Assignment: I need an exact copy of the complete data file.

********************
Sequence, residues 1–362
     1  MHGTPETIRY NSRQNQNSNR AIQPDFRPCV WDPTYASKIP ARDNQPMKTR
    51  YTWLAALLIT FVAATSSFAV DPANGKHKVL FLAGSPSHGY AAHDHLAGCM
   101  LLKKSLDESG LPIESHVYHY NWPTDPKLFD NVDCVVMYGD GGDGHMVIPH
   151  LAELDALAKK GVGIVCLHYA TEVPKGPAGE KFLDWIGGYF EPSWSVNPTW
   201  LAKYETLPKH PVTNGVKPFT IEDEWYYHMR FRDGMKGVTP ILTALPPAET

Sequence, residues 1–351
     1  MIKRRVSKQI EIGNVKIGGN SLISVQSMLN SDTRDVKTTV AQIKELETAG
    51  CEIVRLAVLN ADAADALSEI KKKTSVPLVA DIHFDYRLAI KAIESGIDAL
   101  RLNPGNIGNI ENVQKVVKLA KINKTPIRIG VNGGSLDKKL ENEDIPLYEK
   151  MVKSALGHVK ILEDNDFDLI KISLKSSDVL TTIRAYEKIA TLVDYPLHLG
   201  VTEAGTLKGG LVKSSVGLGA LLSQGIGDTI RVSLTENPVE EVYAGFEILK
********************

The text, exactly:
Sequence, residues 1–362
     1  MHGTPETIRY NSRQNQNSNR AIQPDFRPCV WDPTYASKIP ARDNQPMKTR
    51  YTWLAALLIT FVAATSSFAV DPANGKHKVL FLAGSPSHGY AAHDHLAGCM
   101  LLKKSLDESG LPIESHVYHY NWPTDPKLFD NVDCVVMYGD GGDGHMVIPH
   151  LAELDALAKK GVGIVCLHYA TEVPKGPAGE KFLDWIGGYF EPSWSVNPTW
   201  LAKYETLPKH PVTNGVKPFT IEDEWYYHMR FRDGMKGVTP ILTALPPAET

Sequence, residues 1–351
     1  MIKRRVSKQI EIGNVKIGGN SLISVQSMLN SDTRDVKTTV AQIKELETAG
    51  CEIVRLAVLN ADAADALSEI KKKTSVPLVA DIHFDYRLAI KAIESGIDAL
   101  RLNPGNIGNI ENVQKVVKLA KINKTPIRIG VNGGSLDKKL ENEDIPLYEK
   151  MVKSALGHVK ILEDNDFDLI KISLKSSDVL TTIRAYEKIA TLVDYPLHLG
   201  VTEAGTLKGG LVKSSVGLGA LLSQGIGDTI RVSLTENPVE EVYAGFEILK